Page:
Insights from industry

Using Furnaces in the Battery World

insights from industryFabian Uhlemann-KöllySales ManagerCarbolite Gero

Can you give a brief summary of Carbolite Gero and the company’s focus?

Carbolite Gero is a part of Verder Scientific Group – a group of companies with more than 1,000 employees working in 22 offices around the world. Verder Scientific sets the gold standard in R&D solutions and quality control in analytical laboratories, research institutions and cutting-edge manufacturing companies.

Verder’s solutions cover sample preparation, characterization and heat treatment, through to hardness testing and elemental analysis. Each Verder Scientific company works to deliver tangible benefits to its customers’ processes, outcomes, profitability and sustainability.

What sort of products and solutions does Carbolite Gero offer?

Carbolite Gero offers a comprehensive portfolio of furnace systems able to operate at temperatures from ambient up to 3000 °C.

These systems can be grouped into four key types: ovens running up to 700 °C, hot wall chamber furnaces, tube furnaces running up to 1800 °C, and vacuum furnace systems running up to 3000 °C.

Carbolite Gero continually invests in product development and has recently launched a new split tube, a gradient tube and a rotating tube furnace, and a number of custom-designed solutions developed and manufactured according to customers’ specific requirements.

What roles do furnaces play in the development and manufacture of batteries, and how have these roles shifted over time?

Before discussing battery materials themselves, it is important to summarize the characteristics of a good battery. Materials must be pure and homogenous in order to ensure the creation of an efficient power source and a longer-lasting cell.

The end product should be lightweight, and this requires a good crystal structure that permits the ions to effectively pass between the anode and cathode layers.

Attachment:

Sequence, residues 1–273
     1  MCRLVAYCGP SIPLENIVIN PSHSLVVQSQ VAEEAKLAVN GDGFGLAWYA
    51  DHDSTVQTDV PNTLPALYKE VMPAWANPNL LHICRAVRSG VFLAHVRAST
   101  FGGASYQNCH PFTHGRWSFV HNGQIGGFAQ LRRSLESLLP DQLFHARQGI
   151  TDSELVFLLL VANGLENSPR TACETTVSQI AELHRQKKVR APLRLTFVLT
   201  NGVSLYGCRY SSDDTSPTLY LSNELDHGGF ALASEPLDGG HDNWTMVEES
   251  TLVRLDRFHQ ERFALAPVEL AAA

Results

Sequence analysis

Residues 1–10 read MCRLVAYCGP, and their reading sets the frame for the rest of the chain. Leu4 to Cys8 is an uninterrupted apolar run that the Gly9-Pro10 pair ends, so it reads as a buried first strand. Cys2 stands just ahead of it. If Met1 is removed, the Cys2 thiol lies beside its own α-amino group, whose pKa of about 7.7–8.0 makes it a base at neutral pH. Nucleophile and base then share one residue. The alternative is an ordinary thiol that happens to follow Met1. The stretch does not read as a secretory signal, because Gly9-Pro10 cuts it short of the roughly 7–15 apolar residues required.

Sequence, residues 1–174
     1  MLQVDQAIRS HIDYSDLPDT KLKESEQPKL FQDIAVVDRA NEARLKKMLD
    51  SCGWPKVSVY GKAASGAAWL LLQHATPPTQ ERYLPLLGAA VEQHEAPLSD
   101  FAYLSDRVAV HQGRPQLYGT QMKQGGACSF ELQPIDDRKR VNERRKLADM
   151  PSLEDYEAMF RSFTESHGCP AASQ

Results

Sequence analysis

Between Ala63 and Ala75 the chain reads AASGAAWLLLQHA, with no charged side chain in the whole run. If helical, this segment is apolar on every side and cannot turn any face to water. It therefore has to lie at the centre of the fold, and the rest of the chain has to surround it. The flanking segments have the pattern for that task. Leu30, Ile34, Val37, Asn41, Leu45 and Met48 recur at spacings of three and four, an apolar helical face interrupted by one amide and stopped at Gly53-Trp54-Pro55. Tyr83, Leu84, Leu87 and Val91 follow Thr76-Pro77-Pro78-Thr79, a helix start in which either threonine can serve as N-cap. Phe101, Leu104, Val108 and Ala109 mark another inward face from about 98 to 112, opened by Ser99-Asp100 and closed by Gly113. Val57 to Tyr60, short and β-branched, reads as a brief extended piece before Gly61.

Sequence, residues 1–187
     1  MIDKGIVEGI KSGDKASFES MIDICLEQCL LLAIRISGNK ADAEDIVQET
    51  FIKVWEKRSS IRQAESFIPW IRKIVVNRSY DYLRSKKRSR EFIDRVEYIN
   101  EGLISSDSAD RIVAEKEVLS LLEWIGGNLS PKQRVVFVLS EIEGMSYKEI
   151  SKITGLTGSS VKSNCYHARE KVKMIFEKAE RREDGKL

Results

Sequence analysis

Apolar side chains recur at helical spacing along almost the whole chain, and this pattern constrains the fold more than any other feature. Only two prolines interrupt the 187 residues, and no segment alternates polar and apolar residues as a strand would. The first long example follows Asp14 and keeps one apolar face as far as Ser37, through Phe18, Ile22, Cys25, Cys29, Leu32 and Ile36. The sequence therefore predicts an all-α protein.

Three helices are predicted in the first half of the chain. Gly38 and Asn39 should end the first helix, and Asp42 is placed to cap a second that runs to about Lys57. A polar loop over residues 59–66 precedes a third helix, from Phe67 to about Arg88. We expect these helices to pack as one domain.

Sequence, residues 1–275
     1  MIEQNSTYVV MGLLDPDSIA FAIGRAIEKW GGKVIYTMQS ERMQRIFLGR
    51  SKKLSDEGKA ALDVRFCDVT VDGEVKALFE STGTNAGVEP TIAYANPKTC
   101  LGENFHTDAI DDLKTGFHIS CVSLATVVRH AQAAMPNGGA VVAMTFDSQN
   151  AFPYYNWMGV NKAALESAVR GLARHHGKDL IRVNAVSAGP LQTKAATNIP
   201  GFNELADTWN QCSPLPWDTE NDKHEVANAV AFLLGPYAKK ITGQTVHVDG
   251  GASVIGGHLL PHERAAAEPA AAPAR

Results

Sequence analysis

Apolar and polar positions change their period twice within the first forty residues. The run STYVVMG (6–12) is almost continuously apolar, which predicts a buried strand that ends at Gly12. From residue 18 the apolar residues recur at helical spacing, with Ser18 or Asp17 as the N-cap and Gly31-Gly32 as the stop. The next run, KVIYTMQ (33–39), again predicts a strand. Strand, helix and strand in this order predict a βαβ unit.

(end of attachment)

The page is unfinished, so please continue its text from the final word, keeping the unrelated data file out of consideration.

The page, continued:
Using the most appropriate electrolyte will improve energy density and battery capacity. Most importantly, however, it is essential to only utilize safe materials to ensure no risk to the battery’s end user.

Typical applications of furnaces and ovens include material synthesis, de-binding, calcination, graphitization and material drying.

Machine learning has also become a key tool in this process, with the development of numerous databases enabling viable material combinations to be sourced and compared using a computer and AI.

These databases also help manufacturers select appropriate additives.

These additives are vital to the performance and stability of batteries’ anode and cathode material, helping to protect these from corrosion, improving electrical performance and limiting the growth of dendrites (needle-like and treelike materials with the potential to destroy cell membranes).

What are the primary components of batteries, and what techniques are typically used to manufacture these?

A battery is generally comprised of a steel- or aluminum-based casing, with cathode materials that are generally made up of LCO, NCA, NMO, LFP or LMO.

The battery’s anode is generally manufactured from graphite, but it is anticipated that new developments in the field of silicon and other materials will lead to these options expanding and diversifying.

A battery’s electrolytes are key to its conductivity. The anode and cathode materials in lithium-based batteries tend to be copper and aluminum, while the separator membrane is largely made up of polymers. Additives such as carbon black may also be included.

Virtually every material used in batteries must be manufactured via a specific process. For example, graphitized carbon material generally starts with a highly disordered arrangement that becomes more ordered up to 2000 °C.

The final re-arrangement takes place between 2800 °C and 3000 °C, so called Graphitization, and this process is key to ensuring that the distances between the graphite layers are optimized and that ions are allowed to move freely between those.

Off-gassing and pyrolysis typically occur between 200 °C and 900 °C, though the point at which they take place is highly variable within this range. Off-gases formed during this process must be removed to ensure the furnace maintains a safe and pure atmosphere.